The observational satellite Envisat orbits outer space capturing images of land, atmosphere and oceans. This provides a valuable source of information and is one of the most powerful satellites ever used for sending images of critical aspects of the earth especially those which are linked to global warming. Over the years scientists have been able to build up a better picture of how the earth’s climate is developing and thus take appropriate action to make the world a safer place. Envisat could be better described as a global watchdog which orbits the earth with its ten powerful instruments to provide pictures of the land, oceans, atmosphere, snow and ice coverage. However, there is one disadvantage to this orbiting observatory; it is completely unmanned. Therefore Envisat poses the risk of colliding with other satellites. This would cause a collision which could leave a cloud of space junk hovering above the earth.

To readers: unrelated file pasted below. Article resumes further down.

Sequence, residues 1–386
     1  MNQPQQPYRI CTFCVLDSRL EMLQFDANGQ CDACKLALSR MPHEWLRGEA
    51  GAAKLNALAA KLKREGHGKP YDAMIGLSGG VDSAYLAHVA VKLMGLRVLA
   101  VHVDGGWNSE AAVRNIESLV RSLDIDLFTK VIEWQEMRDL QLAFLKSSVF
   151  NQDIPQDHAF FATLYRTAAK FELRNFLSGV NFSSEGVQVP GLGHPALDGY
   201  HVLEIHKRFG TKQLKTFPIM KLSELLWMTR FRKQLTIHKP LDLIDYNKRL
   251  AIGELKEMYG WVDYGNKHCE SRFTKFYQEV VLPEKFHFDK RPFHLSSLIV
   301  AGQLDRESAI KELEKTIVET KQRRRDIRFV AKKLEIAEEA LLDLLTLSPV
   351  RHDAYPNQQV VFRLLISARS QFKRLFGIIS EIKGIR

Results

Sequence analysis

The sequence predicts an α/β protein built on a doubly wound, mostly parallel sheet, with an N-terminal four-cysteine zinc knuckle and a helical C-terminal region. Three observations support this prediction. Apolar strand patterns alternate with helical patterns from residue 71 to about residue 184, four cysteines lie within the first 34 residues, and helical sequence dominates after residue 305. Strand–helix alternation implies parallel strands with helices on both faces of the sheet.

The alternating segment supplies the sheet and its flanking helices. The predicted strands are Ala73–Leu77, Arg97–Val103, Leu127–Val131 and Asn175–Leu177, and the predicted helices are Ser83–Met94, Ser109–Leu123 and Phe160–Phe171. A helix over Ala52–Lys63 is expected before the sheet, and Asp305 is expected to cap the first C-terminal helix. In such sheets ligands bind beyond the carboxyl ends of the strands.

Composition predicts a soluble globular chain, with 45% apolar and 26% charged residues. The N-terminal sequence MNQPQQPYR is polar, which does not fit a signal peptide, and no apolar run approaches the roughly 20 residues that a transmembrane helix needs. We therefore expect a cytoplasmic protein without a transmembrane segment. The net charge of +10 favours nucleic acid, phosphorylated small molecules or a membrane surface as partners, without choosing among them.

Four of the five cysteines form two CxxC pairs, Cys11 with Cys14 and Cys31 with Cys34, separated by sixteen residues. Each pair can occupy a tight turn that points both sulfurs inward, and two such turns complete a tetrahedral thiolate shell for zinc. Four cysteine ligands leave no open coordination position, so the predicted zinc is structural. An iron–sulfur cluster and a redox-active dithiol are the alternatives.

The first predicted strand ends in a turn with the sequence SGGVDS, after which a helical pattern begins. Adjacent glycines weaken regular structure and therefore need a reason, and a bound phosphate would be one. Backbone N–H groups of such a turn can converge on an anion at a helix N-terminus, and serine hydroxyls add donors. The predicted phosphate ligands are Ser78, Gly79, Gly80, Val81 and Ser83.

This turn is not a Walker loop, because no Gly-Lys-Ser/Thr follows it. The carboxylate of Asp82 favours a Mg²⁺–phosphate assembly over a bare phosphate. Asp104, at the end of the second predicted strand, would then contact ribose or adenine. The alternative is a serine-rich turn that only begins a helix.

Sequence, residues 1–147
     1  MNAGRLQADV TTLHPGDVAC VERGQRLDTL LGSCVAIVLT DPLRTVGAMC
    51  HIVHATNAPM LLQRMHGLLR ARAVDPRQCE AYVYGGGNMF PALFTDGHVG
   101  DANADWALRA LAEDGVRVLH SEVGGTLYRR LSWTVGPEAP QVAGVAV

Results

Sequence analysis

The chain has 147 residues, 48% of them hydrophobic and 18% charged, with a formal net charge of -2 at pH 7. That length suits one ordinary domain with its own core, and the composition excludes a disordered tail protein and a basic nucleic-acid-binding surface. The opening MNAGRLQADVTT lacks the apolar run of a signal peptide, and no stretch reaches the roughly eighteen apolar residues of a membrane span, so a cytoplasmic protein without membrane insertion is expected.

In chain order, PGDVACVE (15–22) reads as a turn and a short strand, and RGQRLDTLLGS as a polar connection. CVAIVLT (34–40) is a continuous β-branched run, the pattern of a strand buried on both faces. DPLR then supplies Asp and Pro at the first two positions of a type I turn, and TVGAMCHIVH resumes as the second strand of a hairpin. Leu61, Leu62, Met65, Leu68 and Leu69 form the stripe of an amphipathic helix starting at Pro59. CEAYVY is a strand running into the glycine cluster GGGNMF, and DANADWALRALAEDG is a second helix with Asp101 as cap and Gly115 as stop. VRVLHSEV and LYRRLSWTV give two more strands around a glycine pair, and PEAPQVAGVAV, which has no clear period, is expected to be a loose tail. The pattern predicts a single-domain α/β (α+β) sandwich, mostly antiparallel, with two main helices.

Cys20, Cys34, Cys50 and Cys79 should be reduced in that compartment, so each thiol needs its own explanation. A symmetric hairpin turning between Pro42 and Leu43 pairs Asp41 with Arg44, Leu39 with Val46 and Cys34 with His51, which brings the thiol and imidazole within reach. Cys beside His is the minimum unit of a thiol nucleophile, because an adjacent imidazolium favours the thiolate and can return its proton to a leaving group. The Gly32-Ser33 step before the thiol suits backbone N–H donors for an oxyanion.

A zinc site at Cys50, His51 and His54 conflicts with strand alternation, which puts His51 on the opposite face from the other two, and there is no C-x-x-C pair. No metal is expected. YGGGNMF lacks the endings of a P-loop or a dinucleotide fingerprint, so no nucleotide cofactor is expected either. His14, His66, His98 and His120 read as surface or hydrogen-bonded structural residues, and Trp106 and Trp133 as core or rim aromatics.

The much publicised and highly acclaimed movie ‘Gravity’ which recently hit cinemas across the globe starred George Clooney and Sandra Bullock. It entertained and delighted movie buffs by the million. But is there more to this movie than meets the eye? Whilst its storyline is purely fictitious the content eerily predicts a sequence of events which could unfold here on earth. The observational satellite Envisat orbits the earth without any human intervention. There are no means of controlling its direction and therefore the risk of it colliding with another satellite is high. This in turn, could cause a potential collision with a further satellite equally orbiting the same route. Such a collision would create an enormous field of debris which would hover in outer space. Professor George Fraser, Director of the University of Leicester’s Space Research Centre describes the process as “being similar to a large truck cutting across all four lanes of a motorway”. When put like this, it is easy to see the massive risk that is at stake. Whilst it would make sense to de-orbitise Envisat; the cost would be enormous. It would require at least 140kg of fuel to position it 25 years away from earth. Although most of the waste would burn in the atmosphere, there is the risk that larger objects could reach earth. NASA claim that one piece of space debris falls to earth every single day, this has happened for the past fifty years!